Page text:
Again, cite please. And don’t give me Guantanimo. The persons held there are not citizens, but they are enemies. They may or may not possess some rights under the Geneva Accords, but they do not have the same Constitutional rights as American Citizens. What other hundreds of Muslims are you talking about? If they were US citizens who were suspected of taking part in “sleeper cells” they would be entitled to the protection of the Constitution. But I don’t believe foreign nationals have identical protection, especially if they entered or remain in the country illegally. We can’t torture them, but we certainly should be able to detain and question them before deporting them.

As long as the actions we are discussing do not involve torturing, brainwashing or starving the detainees (which actions are both immoral, and proscribed by international agreement), yes, it’s ethical for any nation to do whatever is necessary within its own borders to protect itself. If someone’s feelings get hurt, that’s just too bad.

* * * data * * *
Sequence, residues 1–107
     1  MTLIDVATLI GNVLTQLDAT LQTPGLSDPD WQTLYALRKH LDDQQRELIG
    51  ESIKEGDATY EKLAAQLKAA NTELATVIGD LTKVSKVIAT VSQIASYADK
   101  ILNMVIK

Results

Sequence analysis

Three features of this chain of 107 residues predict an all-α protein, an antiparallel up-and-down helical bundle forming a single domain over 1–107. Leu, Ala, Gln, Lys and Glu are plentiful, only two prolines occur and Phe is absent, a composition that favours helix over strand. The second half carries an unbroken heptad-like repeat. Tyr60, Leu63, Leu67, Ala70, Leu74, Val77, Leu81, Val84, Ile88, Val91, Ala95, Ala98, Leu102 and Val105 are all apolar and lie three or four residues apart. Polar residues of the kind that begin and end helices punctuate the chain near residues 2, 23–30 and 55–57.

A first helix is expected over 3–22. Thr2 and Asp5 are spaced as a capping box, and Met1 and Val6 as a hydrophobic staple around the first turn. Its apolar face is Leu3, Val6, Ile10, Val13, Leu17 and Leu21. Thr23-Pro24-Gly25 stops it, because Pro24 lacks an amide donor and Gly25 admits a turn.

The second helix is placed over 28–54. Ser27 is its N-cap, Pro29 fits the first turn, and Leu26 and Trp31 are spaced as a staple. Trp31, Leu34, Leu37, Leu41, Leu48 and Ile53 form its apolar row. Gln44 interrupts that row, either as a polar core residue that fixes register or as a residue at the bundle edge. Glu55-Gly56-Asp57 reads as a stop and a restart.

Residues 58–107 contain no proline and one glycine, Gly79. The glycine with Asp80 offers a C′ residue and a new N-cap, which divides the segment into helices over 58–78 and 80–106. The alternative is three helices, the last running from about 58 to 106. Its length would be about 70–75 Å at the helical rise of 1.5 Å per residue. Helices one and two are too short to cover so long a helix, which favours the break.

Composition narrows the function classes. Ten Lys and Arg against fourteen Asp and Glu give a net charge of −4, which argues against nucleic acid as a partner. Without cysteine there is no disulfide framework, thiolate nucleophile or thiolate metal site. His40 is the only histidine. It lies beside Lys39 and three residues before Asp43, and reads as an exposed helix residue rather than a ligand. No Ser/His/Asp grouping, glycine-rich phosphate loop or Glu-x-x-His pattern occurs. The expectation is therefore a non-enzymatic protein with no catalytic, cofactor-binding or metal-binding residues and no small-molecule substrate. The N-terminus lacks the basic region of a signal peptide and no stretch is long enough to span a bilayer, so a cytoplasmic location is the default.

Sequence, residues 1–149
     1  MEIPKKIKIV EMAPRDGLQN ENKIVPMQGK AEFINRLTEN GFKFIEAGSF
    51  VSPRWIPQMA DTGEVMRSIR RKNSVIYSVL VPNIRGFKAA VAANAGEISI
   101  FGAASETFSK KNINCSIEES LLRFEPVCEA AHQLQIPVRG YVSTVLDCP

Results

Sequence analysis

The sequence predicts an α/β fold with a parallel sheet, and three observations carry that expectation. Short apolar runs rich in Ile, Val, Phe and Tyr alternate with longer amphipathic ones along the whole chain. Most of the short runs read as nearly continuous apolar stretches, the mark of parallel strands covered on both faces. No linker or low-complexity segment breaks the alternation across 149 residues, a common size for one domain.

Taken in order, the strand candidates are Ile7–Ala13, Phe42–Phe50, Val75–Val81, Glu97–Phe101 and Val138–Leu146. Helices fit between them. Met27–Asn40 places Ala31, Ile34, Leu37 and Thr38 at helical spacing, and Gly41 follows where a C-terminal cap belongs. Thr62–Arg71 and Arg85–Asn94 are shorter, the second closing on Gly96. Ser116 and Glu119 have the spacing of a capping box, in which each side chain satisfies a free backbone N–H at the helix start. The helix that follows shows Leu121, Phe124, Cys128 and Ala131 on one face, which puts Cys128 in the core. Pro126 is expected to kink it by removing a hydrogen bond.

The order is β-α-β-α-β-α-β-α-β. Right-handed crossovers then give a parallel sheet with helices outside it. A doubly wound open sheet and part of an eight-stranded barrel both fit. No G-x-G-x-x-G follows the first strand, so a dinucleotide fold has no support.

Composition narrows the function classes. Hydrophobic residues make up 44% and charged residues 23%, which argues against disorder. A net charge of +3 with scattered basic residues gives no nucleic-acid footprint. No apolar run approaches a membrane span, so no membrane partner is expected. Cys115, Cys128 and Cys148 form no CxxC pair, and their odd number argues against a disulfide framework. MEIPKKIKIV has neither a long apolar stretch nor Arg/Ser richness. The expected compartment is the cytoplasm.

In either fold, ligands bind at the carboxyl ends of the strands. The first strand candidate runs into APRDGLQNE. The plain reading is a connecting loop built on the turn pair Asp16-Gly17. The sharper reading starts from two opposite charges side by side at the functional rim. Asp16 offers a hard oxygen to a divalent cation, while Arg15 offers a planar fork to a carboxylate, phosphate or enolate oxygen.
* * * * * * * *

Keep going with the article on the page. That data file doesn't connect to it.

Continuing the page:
To add to the Geezer’s posting above, if I may: the reason the detainees on GITMO don’t have the same constitutional rights as US citizens is because they are foreign nationals NOT on US soil.

The prevention of the LAX bombing did not occur because we put a wall around the east side of Dearborn, MI and herded every Midesatern immigrant into a new ghetto.

It was defeated by looking for particular people in a particular situation.

While there have been individual abuses in the current situation (for which I believe the U.S. government should provide compensation, where appropriate, as well as prosecuting the “overeager” agents who have carried out those abuses*), the U.S. does not, at this time, appear to be simply locking up everyone with an Islamic name (for which Kareem Abdul Jabar can be thankful). As long as the U.S. makes a good effort to detain people for better reasons than their skin color or their names (and works to swiftly release those for whom there is no evidence of illegal activity), I am willing to put up with a certain amount of “wartime” suspicion. When the U.S. begins to detain people on flimsy excuses while making no effort to verify their actual threat to the country, then I agree with Tamerlane’s assessment.